Why US and Pakistan must draw closer
Nuclear-armed Pakistan is too critical for Washington to abandon again as it moves to withdraw from Afghanistan. The tragic flooding in Pakistan gives the United States a rare opportunity to demonstrate goodwill and break the cynical cycle of its relationship with Islamabad.
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Can’t twist Pakistan’s arm
Pakistan cannot be cajoled, induced, or even threatened into changing its behavior, and the US cannot prevail in Afghanistan without a change in Pakistan’s behavior. Pakistan must change because it wants to do so, which will require both deep internal reforms of its institutions and regional diplomatic initiatives to lower the temperature in the neighborhood.Skip to next paragraph
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The US must take two linked and challenging steps.
First, it must program a significant portion of its aid to Pakistan for non-security assistance that produces changes to its economic and political structures, so that long-overdue institutional reforms can be fostered.
The seamy underside of our transactional relationship is that most of America’s aid to Pakistan has gone historically to its military, thus preventing badly needed reform. That must change if the cycle of mutual duplicity is to be broken.
Secretary of State Hillary Rodham Clinton made some progress on this front in July, when she announced $500 million in funds for hospitals and hydroelectric generation, part of a larger sum of $7.5 billion in US aid for development projects in Pakistan.
“It’s our goal to slowly but surely demonstrate that the US is concerned about Pakistan for the long term, and that the partnership goes far beyond security against our common enemies,” Secretary Clinton said.
But she faces an uphill battle. A Pew survey this summer showed that 6 in 10 Pakistanis regard the US as a “nemesis.”
The best thing we have done in Pakistan in recent memory was the post-earthquake relief effort in 2005, which prompted enduring positive feelings toward the US in the remote northern villages of Pakistan where US military helicopters dropped from the sky to provide life-giving supplies and ferry the injured to US military doctors.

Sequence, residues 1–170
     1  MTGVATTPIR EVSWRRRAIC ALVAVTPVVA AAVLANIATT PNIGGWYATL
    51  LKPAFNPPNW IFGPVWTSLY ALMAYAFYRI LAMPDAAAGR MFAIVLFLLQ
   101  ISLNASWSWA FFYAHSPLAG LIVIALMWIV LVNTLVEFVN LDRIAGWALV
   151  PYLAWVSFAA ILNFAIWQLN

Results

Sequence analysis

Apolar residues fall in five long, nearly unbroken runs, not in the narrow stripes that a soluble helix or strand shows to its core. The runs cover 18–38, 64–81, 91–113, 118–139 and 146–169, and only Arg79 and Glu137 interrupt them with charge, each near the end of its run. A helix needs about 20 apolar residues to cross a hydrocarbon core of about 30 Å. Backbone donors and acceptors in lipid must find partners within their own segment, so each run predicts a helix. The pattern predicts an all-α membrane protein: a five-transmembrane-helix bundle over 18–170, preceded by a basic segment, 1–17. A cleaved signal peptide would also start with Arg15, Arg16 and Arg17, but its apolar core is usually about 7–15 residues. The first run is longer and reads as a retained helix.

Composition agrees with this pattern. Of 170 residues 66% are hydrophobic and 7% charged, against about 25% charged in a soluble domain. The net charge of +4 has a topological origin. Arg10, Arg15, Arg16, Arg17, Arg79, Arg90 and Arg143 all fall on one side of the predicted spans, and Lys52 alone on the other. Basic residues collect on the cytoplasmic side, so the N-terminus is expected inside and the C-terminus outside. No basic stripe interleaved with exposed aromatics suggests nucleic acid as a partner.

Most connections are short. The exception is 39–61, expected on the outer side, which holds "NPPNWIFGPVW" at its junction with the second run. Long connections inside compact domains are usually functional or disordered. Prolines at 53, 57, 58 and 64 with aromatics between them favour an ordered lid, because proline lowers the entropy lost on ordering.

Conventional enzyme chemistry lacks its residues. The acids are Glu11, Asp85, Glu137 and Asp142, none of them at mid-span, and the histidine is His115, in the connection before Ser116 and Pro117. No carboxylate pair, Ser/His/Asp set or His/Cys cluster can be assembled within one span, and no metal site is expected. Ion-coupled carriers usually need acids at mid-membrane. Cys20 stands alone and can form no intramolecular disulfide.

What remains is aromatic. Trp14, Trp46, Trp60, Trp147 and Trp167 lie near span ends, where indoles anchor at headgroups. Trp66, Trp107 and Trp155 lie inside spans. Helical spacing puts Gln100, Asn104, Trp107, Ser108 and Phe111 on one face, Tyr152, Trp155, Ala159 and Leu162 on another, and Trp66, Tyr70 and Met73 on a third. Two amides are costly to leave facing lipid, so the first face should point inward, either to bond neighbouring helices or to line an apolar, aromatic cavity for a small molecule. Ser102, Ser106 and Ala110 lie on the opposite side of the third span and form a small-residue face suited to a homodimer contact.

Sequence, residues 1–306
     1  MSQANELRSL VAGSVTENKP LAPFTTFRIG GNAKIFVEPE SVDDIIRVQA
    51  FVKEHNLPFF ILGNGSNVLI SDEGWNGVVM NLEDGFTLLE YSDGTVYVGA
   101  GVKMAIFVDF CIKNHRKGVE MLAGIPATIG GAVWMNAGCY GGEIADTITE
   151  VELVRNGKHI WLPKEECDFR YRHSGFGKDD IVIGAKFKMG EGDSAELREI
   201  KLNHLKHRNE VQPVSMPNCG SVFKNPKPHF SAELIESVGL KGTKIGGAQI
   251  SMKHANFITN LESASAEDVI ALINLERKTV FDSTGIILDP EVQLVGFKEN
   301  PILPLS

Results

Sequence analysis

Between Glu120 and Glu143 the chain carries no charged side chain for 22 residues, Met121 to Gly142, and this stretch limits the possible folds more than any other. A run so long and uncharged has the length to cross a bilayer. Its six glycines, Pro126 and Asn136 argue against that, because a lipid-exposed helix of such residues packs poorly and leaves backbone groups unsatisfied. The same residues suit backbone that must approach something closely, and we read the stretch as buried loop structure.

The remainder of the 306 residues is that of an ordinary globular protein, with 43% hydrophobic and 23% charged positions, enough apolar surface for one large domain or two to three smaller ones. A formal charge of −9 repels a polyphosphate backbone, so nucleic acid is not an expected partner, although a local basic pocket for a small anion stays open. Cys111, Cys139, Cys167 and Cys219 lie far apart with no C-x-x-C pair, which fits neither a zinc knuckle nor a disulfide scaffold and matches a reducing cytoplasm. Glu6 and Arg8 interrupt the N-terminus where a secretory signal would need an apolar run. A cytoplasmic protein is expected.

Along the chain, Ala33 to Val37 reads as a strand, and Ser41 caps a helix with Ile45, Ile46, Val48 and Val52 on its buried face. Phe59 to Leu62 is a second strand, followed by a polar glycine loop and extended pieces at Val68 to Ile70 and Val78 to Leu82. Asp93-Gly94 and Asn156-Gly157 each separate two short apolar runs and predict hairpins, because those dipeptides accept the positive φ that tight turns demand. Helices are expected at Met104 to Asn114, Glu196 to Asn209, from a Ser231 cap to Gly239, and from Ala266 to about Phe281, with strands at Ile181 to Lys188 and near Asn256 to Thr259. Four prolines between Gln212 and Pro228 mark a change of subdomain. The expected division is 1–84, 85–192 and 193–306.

Now Pakistan is awash in historic and devastating floods, and the US response to this tragedy – $76 million in aid so far – could provide another opportunity to build goodwill. “The people of Pakistan will see that when the crisis hits, it’s not the Chinese, it’s not the Iranians, it’s not other countries,” said US special envoy Richard Holbrooke. “It’s not the EU, it’s the US.”
Yet the US should spend ten times that amount, and immediately offer to redeploy troops from Afghanistan to help in Pakistan. US government relief efforts in the wake of Hurricane Katrina eventually topped $100 billion, and the first supplemental appopriation just after the hurricane was for $10.5 billion, so pushing our spending on Pakistan up to $7.6 billion is viable.
Second, the Kashmir dispute that is at the root of the historical animosity with India must be resolved. The US must provide leadership to bring about that resolution, despite Indian desires to have Washington sit on the sidelines. This step will be very difficult, as India has already rebuffed efforts by the Obama administration to do exactly that.
Both steps must occur in tandem, so that each side can make important, but painful, changes to longstanding institutions and positions. Above all else, the US must not abandon Pakistan again.
Larry P. Goodson is the author of “Afghanistan’s Endless War: State Failure, Regional Politics, and the Rise of the Taliban” and a forthcoming book about Pakistan.